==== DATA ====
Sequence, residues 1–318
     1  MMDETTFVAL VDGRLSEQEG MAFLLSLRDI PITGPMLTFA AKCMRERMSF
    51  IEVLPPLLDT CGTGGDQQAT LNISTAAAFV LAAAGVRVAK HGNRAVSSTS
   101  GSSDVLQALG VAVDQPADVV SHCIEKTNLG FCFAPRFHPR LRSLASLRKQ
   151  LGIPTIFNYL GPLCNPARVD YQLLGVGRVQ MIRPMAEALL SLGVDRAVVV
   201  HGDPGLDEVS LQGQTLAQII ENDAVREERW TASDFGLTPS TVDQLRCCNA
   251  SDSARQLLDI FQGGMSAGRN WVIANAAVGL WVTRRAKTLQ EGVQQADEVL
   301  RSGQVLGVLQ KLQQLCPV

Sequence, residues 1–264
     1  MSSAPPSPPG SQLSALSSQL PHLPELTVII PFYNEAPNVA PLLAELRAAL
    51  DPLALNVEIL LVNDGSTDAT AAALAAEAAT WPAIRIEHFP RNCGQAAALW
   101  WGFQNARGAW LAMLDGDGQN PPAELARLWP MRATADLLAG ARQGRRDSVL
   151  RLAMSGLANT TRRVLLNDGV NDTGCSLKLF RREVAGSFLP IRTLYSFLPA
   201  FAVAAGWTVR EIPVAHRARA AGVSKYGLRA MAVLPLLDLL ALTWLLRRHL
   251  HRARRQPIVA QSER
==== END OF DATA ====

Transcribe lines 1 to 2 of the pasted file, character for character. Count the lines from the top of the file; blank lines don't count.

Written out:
Sequence, residues 1–318
     1  MMDETTFVAL VDGRLSEQEG MAFLLSLRDI PITGPMLTFA AKCMRERMSF